The authorities’ findings echo those first raised by former Bangladeshi High Commissioner Dr Selina Mohsin, reported by Minivan News in August last year, and which saw the country placed on the US State Department’s Tier 2 watchlist for human trafficking.

However prior to the current investigation, ordered by President Mohamed Nasheed and which involved the military taking over immigration and human resources duties for a two week period, few facts were known about the Maldivian side of the operation.

“People have been creating fraudulent companies and using them to apply for fraudulent work permit quotas, and then diverting these quotas to keep bringing in illegal workers,” said President Nasheed’s Spokesperson, Mohamed Zuhair.

“A would-be worker [overseas] pays money and ends up here on fraudulent papers obtained by a bogus agent, from quotas at a non-existent company,” Zuhair said. “Sometimes they are expected to work for 3-4 years to make the payment – workers have told police that this is often as much as US$2000.”

Authorities currently estimated the industry to be worth US$123 million a year, he said.

Police Sub-Inspector Ahmed Shiyam told Minivan News that many illegal workers identified by police through the investigation – the majority from Bangladesh – had sold their land, their property and moved their families to pay the fees demanded by the bogus recruiters.

When they arrive they find the job a totally different prospect from what they were led to expect, he said.

“Sometimes there is no job and they are released straight onto the street. We found some people who had paid before coming – they arrived at the airport and nobody came to pick them up,” said Shiyam. ”The case is very serious – this is not the way things should be, and it has been going on for a long time.”

Zuhair said that in some cases workers brought to the Maldives were themselves recruited to help enlist others from their country – in addition to seven Maldivians, 12 expatriates have been arrested during the case so far.

Paper companies and ministerial corruption

The expansive investigation has seen 18 ‘paper companies’ raided by the police commercial crime unit, headed by Inspector Mohamed Riyaz, who revealed to the media last week that police had seized 4000 passports confiscated from trafficked workers.

Two of the seven bogus companies identified as trafficking workers, Ozone Investments Pvt Ltd and Arisco Maldives Pvt Ltd, had brought in 3000 workers between them.

Using the fake companies, the traffickers fraudulently obtained work permit quotas for non-existent projects from the Human Resources Ministry by stealing the identities of unwitting Maldivians, or even the deceased. Police had received many complaints about such forgeries from the confused third party, Riyaz told the media.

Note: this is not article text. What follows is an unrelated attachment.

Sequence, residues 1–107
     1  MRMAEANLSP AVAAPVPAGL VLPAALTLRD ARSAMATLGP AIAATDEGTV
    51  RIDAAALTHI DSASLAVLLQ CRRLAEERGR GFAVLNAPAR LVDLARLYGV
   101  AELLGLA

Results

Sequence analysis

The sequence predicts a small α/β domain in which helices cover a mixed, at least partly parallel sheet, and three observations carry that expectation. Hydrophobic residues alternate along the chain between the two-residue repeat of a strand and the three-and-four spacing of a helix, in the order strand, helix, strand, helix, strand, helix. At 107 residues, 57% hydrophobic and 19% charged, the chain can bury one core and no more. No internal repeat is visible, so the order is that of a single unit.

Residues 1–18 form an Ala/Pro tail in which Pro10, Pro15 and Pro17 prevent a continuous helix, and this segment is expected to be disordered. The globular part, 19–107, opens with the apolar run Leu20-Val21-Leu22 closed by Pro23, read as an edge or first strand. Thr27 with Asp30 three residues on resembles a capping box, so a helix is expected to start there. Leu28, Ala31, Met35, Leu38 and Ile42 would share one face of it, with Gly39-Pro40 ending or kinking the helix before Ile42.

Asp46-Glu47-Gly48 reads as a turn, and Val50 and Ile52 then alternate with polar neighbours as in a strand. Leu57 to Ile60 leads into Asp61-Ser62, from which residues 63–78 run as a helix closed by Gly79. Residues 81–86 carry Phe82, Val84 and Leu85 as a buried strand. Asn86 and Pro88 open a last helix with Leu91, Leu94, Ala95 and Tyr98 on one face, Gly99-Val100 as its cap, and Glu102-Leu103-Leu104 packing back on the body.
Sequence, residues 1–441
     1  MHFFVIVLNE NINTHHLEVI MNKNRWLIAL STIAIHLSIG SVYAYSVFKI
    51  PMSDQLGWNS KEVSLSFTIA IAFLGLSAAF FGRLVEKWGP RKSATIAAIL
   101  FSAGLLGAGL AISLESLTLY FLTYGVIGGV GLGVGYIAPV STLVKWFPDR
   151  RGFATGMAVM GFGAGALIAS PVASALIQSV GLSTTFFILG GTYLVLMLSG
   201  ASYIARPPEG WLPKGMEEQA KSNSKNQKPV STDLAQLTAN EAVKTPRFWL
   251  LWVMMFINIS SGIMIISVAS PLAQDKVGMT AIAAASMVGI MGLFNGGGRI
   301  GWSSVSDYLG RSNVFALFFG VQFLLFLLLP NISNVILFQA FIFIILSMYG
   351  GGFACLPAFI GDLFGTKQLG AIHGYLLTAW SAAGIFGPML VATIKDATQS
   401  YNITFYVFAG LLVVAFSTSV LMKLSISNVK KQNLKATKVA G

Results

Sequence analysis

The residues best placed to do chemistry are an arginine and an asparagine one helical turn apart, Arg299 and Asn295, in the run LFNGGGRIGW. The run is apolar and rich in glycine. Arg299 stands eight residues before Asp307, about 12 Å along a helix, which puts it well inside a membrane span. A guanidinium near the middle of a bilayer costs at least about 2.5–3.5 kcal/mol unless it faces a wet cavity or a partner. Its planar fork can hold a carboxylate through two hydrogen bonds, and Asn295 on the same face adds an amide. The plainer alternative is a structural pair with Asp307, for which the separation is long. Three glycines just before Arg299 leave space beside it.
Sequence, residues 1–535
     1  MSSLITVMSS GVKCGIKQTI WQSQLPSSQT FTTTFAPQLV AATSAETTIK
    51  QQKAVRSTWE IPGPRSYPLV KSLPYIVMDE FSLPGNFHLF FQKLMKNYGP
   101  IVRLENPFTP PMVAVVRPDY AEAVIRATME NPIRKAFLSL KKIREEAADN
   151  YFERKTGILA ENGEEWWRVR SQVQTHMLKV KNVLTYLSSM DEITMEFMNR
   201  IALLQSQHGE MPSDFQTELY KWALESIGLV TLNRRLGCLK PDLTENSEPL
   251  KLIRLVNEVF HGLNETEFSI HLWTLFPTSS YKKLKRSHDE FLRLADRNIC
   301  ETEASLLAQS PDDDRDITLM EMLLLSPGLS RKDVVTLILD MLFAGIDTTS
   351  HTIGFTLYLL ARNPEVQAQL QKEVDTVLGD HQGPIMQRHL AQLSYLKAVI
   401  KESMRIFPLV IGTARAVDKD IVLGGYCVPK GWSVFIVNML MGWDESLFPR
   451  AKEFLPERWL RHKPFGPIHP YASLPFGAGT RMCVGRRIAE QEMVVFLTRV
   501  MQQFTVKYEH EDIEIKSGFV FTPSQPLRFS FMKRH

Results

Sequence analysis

Moreover, many of the quotas requested from the Human Resources Ministry had been approved despite obvious warning signs such as the importing of construction workers for specialised IT projects, Riyaz said.

Zuhair told Minivan News that while he was unable to “point fingers” as the investigation was ongoing, the current findings implicated senior officials in both the Immigration Department and the Ministry of Human Resources.

In addition, the persistent use of fraudulent companies implied further scrutiny of the Ministry of Trade was required, Zuhair said.

Trade Minister Mahmoud Razee confirmed to Minivan News that the Ministry was providing information to police as requested. Establishing a company in the Maldives carried few requirements under existing laws, he explained, “and even before this we have been proposing amendments to company law to require additional clearances for directors, based on their records.”

Even for those individuals found guilty of the crime labour trafficking presently represents a violation of the Employment Act, and only carries a small fine.

Zuhair said punishment was a matter for the judiciary “and I’m confident justice will be done”. However he acknowledged that the greatest impact would come from exposing those involved: “The people involved will be named and shamed,” he pledged, which would limit their capacity for further fraud or criminal enterprise and hopefully ward off further victims.

The investigation was ordered by the President, he noted, as the Immigration Department and the Human Resources Ministry “were each accusing the other for the problem. The government has stepped in as a neutral party to conduct a holistic investigation, without incrimination.”

He said the government would need to “seek assistance” to deport the large numbers of illegal workers the investigation was likely to uncover.

“The origin countries also have a responsibility to repatriate their nationals,” he said.

Minivan News asked Zuhair why the government had only acted after several years of accusations that labor trafficking was prolific in the country – the US State Department recently renewed the Maldives’ position on the trafficking watch list for the second year running.

“The accusations have been apparent for the last few years, but the extent to which the situation has developed, and the lines between system error, human error and intentional fraud have been unclear. It has now become clearer,” he said.


Maldives remains on US State Department’s human trafficking watch list for second year

The Maldives remains on the US State Department’s Tier 2 Watch List for human trafficking, a list signifying an increasing number of victims and little evidence of increased efforts to tackle the problem.